Hardwood Flooring Hardness
Having seen changes in the wood flooring business over the years, I never realized how many people were ill-advised of how to actually go about buying wood floors. Phone calls and emails tell the story with hardness being very near the top of the list.
What's The Best Hardwood For Me?
One popular question is "what's the best hardwood for a high traffic area?" Many assume if they choose a hard product as in the imported exotic lines, they will hold up much better than a softer one. This is true and false. Why? The longevity of any floor depends on the care and maintenance given. Throw in prevention as well!
It's Also About Appearance
The video below discusses popular American hardwoods. Some will prove more useful than others if you’re concerned with a house full of kids and or a few active large dogs. Hardwoods offering more grain or character and contrast tend to perform best when concealing the inevitable damage all hardwood floors endure.
|North American Cherry||950|
|North American Walnut||1010|
|North American Maple||1450|
¹ Will vary significantly from one brand to another
All Hardwoods Will Ding, Dent, and Scratch
While it's true harder products are more resistant to damaging, they will still ding, dent, and scratch under the right conditions. My feeling has always been buy what you like and take care of it. Looked from another perspective, years ago nobody talked about hardness. Then it was oak, oak and more oak. Across America red oak flooring was the mainstay. Today they still represent a large portion of the floors people buy for their homes and they last!
My Thirty Year Old Oak Floor Looks Great!
With far too much emphasis on having the hardest floor on the planet, red oak floors have been around for generations. Why aren't salespeople putting red oak and this hardness thing together? Quite frankly I'm lost on this one. Have you ever heard anyone say.."My those are beautiful floors..and you say they're 30 years old? How hard are they?"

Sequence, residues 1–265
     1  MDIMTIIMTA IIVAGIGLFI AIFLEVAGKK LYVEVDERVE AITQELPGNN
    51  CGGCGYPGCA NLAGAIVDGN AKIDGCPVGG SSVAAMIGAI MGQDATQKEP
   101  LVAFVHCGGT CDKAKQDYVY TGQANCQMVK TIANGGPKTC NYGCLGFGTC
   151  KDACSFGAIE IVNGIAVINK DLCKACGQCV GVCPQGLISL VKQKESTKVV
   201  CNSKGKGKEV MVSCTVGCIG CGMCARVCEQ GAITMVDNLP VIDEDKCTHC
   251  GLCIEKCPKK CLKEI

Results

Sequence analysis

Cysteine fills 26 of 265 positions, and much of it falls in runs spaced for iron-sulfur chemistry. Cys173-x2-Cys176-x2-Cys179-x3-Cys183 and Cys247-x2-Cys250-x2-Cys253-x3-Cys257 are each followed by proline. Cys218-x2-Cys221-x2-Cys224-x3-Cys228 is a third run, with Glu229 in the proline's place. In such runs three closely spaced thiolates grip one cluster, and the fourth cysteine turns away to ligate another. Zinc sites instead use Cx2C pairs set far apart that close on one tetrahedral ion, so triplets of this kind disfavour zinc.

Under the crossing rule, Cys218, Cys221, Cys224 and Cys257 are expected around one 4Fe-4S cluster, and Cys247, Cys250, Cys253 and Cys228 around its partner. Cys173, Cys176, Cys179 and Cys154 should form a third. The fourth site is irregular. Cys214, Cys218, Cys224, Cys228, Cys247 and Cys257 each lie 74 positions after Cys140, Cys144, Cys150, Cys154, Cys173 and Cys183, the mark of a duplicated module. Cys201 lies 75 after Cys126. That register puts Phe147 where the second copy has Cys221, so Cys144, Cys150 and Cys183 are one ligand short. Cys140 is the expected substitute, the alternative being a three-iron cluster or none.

When considering engineered wood flooring the hardness scale should not be taken in earnest. While there are no official studies I am aware of with engineered products, the actual hardness testing reporting is done with solid wood flooring.
Engineered hardwoods have different materials under the actual wear layer. Higher quality will see Baltic birch. Others may use poplar, Douglas fir or some form of luan (another softie) pine, or rubberwood. It would make sense engineered hardwoods with thicker wear layers (more actual hardwood) will offer more resistance to dinging than ones with much thinner wear layers.
I'm not implying engineered products are cheaply made with softer material under the actual wear layer. There are reasons manufacturers choose what they do. Some has an effect on shipping costs (pine is lighter than oak, etc) while another consideration is the price of raw materials. What should be kept in consideration, the hardness ratings should not be the definitive guide to selecting any hardwood floor. However, a thicker wear layer will resist denting better than a thin one.
True Story. American Cherry Vs. Brazilian Cherry
I always offer this true story example. I have a friend that owns a condo on a Naples, Florida beach. In 2002 they installed a beautiful American (considered very soft) cherry floor and in that time took extreme care of it by paying attention to care & maintenance. It looks as new as the day it was installed.
On the other hand, I installed a Brazilian Cherry (considered quite hard) floor on Fort Myers Beach, FL in the year 2000. In both cases they were less than 50 yards from the beach itself, where sand created a problem.
The owner of the Brazilian Cherry floor had a very active adult household who didn't clean up after themselves as much as the other family of four kids and a few pets. In 2008 I was back at the same house and their floors needed refinishing near high traffic areas and moisture sources such as the kitchen sink, refrigerator with icemaker. Simply paying attention to the problems that can occur or placing area rugs in important areas would have aided in some floor protection.
Softer, Stronger Hardwood
Some consumers get hardness mixed up with whether or not they are stronger than one another. Hardness and softness shall not be confused with actual feel, but rather how resistant they are to damage potential. Softness in relation to a comfort zone is also not applicable.
There are many wood flooring types and colors available today and I realize the choices can be overwhelming. If you're sold on buying for hardness, do not be disappointed unless you live in a careful household.